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New Lab Will Help Scientists Study the Earth’s Oldest Fossil’s, Rocks and Minerals

New Lab Will Help Scientists Study the Earth’s Oldest Fossil’s, Rocks and Minerals

Tucked away in the basement of Ferritor Hall is a new, 336-square-foot lab that will help scientists better understand ore deposits in the earth’s crust, how fossils form and what they can tell us about the earth’s climate, and accurately date some of the planet’s oldest rocks, among other uses.

Lab manager Erik Pollock, right, and research scientist Barry Shaulis in the university’s new TRAIL lab. The facility features two mass spectrometers and a laser-ablation system, one of only a handful of such labs in the country. Photo by Russell Cothren.

It’s called TRAIL, or trace element and radiogenic isotope laboratory. TRAIL is made up of three main pieces of equipment: two mass spectrometers that the university already owned, and a new laser ablation system that can burn holes as small as seven microns — about one-tenth the diameter of a strand of human hair — into samples. The resulting vapor is directed to the mass spectrometers, one of which can identify trace elements and the other of which is used to study isotopic ratios – the difference in atomic mass of two or more forms of the same element. These measurements can aid in dating the geologic processes that formed the Earth’s crust, help identify the source of economic ore deposits such as lead and tin, and are useful as a means of studying paleoclimate through the chemical composition of fossilized teeth. The combination of instrumentation is unique in the state; in fact, it’s one of only a handful of facilities in the nation capable of this kind of research.

Before the addition of the new laser ablation system, researchers who wanted to perform trace element mass spectrometry had to dissolve samples in acid. Laser ablation is faster, less destructive and preserves spatial relationships in samples, which could ultimately prove to be more versatile.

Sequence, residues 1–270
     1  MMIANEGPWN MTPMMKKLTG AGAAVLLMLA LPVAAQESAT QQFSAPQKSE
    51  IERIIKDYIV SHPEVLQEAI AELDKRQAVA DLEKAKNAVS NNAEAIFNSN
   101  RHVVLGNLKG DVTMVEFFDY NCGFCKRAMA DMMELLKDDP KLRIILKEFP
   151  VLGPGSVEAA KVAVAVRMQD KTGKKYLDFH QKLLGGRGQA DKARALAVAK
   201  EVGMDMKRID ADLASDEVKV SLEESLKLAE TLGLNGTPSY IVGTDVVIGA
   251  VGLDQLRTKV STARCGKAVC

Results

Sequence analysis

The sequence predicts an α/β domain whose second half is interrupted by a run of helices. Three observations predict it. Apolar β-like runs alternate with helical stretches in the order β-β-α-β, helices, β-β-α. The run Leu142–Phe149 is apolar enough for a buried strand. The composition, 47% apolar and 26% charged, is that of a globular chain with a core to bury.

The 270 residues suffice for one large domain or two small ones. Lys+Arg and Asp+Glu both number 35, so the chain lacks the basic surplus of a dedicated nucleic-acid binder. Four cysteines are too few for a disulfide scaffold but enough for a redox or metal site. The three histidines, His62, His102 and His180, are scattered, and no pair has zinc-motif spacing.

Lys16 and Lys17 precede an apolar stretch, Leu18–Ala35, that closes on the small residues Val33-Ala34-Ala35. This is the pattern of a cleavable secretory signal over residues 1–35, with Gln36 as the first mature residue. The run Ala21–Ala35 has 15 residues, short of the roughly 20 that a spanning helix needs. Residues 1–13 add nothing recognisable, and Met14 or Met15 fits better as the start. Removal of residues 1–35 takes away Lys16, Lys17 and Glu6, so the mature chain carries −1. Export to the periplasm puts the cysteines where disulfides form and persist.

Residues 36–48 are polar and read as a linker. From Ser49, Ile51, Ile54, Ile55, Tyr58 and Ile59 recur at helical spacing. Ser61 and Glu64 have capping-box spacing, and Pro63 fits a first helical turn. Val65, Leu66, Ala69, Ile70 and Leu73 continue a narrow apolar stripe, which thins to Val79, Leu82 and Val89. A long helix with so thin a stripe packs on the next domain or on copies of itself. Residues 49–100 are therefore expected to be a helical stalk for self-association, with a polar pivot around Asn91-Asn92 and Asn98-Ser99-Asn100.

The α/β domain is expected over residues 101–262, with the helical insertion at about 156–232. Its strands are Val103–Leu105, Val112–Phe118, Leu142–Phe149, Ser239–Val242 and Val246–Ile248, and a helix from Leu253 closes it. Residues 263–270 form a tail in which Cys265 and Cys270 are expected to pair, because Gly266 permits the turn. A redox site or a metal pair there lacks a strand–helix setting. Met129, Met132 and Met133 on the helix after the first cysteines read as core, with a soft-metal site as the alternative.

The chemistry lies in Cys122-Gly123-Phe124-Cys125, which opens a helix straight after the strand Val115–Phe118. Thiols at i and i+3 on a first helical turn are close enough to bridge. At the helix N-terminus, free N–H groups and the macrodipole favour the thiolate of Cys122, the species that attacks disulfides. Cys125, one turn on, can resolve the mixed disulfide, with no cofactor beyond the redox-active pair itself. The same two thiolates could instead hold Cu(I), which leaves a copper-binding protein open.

The laser was purchased with a $542,000 grant from the National Science Foundation to geosciences assistant professors Gregory Dumond, Adriana Potra and Celina Suarez. The money also allowed the facility to hire research scientist Barry Shaulis, an expert in laser ablation. Prior to coming to the University of Arkansas, Shaulis was a post-doctoral researcher at the Lunar and Planetary Institute in Houston.

TRAIL manager Erik Pollock says laser ablation is more efficient and versatile than dissolving samples in acid. “There’s a time savings, and there is less waste. Not only can this be used by geoscientists, but also by chemists, biologists and engineers. One field develops a tool and other fields begin to think, ‘We could use that too.’ The grant is the capstone to the hard work of a diverse group of researchers including chemists, geoscientists and biologists.”

TRAIL is part of the Arkansas Statewide Mass Spectrometry Facility, established in 1999 with funds from the state and the National Science Foundation. It has also been funded by the Arkansas Bioscience Institute, and NASA. The facility’s mandate is to provide mass spectrometry capability for academic, governmental and industrial researchers throughout the state and nationwide.

About The Author

Bob Whitby writes about bioscience, geoscience, physics, space and planetary sciences, psychology and sociology. Reach him at 479-575-4737, or whitby@uark.edu.

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